Although it had been well known for months, Pope Francis made his travel plans official this morning. The pontiff will make his first visit to the US in September 2015 at the World Meeting of Families, part of the lengthy conversation about the pastoral direction of the Catholic Church that officially began with the Extraordinary Synod last month. Rome Reports has the video of the announcement, thankfully with subtitles for the Italian-challenged, which still includes me:
When I was in Rome last month, this was already assumed to be on the calendar. Vatican officials had been talking about it openly for months, and reporters there were planning around it. The World Meeting of Families is the largest Catholic event for family life and only meets every three years, plus the connection to the synod topic would have been irresistible.
NBC reports that Philadelphia is pretty excited by the confirmation:
“I am overjoyed by Pope Francis’ announcement that he will join with us for the World Meeting of Families in Philadelphia next year,” said [Philadelphia Archbishop Charles] Chaput. “A hallmark of his papacy has been a keen focus on the many challenges that families face today globally. His charisma, presence and voice will electrify the gathering.”
It will be the Pope’s first visit to the United States since he was elected to lead the Catholic church in March 2013. The last time a pope visited Philadelphia was in October 1979 when John Paul II to deliver mass along the Parkway.
The World Meeting of Families will be held from Sept. 22 to Sept. 27 in 2015 in Philadelphia. Held every three years, the World Meeting of Families is a celebration of families, love and life. It’s also the world’s largest Catholic gathering of families.
Archdiocese spokeswoman Donna Farrell said that Francis is expected to arrive Sept. 25. Besides the Parkway mass, the Pontiff is also expected to attend the intercultural Festival of Families on Sept. 26, according to the archdiocese. The Vatican will reveal detailed plans in spring or summer of 2015.
It will be an exciting event, but not likely one that will tip much of the hand on the direction of the Catholic Church in its review of pastoral policies. That will wait for the ordinary Synod that will take place the month after Francis’ first visit to the US. The timing for the conference in Philadelphia will stoke interest in the meeting at the Vatican that will complete the process begun last month there, but that process will be driven — at least to start — by the bishops. The Extraordinary Synod tasked them with using the final relatio as a springboard for research and introspection within the dioceses, and with gathering a best-practices list (as well as what’s not working) in order for the entire episcopate to make decisions on the improvements needed in Catholic practice as it relates to family. If the Pope has a direction in mind (a point of endless speculation at the Vatican as well as everywhere else), it won’t become obvious until October.
One point to watch on the Pope’s trip will be whether he gets to Washington or not. John Boehner formally invited Pope Francis to address a joint session of Congress during that time, and as a visiting head of state, Barack Obama will almost certainly ask Francis to visit the White House as well. Obama needs to burnish his image these days — a lot, especially with Catholics, who flipped to the GOP this past election by almost double digits (54/45). There wouldn’t be any particular reason for Francis to refuse either request, but his choice of topic and emphasis in either or both venues might be very interesting indeed.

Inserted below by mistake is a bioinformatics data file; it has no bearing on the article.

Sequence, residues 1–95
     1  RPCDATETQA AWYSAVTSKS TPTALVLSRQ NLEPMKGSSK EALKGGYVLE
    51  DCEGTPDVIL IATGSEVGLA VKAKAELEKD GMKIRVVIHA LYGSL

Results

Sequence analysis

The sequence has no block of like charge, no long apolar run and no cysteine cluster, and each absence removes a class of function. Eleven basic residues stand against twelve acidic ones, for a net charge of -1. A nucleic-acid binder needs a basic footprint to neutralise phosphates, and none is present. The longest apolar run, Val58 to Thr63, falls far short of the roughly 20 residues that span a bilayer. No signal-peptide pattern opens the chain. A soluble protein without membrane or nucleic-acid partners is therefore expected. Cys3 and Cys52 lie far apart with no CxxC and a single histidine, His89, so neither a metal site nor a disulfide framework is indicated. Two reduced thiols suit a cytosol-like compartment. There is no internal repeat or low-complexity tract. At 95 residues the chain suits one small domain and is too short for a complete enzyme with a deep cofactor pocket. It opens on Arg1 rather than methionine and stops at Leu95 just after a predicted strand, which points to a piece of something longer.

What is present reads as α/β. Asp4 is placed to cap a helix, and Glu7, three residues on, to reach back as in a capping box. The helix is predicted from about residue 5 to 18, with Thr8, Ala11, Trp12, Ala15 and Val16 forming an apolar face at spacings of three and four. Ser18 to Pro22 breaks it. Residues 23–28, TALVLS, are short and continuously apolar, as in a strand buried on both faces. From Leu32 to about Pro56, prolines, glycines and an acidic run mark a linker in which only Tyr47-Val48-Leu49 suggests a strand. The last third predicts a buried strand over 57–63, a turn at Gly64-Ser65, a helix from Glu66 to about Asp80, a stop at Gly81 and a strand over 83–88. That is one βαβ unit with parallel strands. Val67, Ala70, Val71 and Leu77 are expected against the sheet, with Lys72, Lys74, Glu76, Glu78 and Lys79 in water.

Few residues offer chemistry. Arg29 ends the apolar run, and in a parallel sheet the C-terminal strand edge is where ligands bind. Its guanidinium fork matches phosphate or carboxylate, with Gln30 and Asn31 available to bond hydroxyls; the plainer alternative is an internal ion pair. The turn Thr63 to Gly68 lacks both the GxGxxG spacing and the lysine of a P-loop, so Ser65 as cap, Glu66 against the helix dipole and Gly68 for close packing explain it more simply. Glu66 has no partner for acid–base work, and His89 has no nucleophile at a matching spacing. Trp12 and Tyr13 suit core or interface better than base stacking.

Meanwhile, Cardinal Sean O’Malley made waves today in an interview with CBS News about Catholic teaching on vocations and ordination. If he was starting his own religion, O’Malley tells Norah O’Donnell, he’d be happy to have women as priests. Since O’Malley serves the church that Jesus founded, though, it’s not going to happen:
In an interview with “60 Minutes” on CBS that producers said took more than a year for them to persuade him to do, O’Malley seemed troubled by reporter Norah O’Donnell’s question as to whether the exclusion of women from the Church hierarchy was “immoral.”
O’Malley paused, then said, “Christ would never ask us to do something immoral. It’s a matter of vocation and what God has given to us.”
“Not everyone needs to be ordained to have an important role in the life of the Church,” he said. “Women run Catholic charities, Catholic schools …. They have other very important roles. A priest can’t be a mother. The tradition in the Church is that we ordain men.
“If I were founding a church, I’d love to have women priests,” O’Malley said. “But Christ founded it, and what he has given us is something different.”
With everything else happening in the church — the interview was actually about the controversy surrounding Bishop Finn — one has to wonder why O’Donnell brought up this topic with O’Malley. Did she expect O’Malley to have anything different to say than the rest of the Catholic Church on this topic? Wasn’t there more pressing and interesting topics for O’Malley, especially given the length of time it took CBS to get him to give the interview in the first place, than another rehashing of ordination doctrine?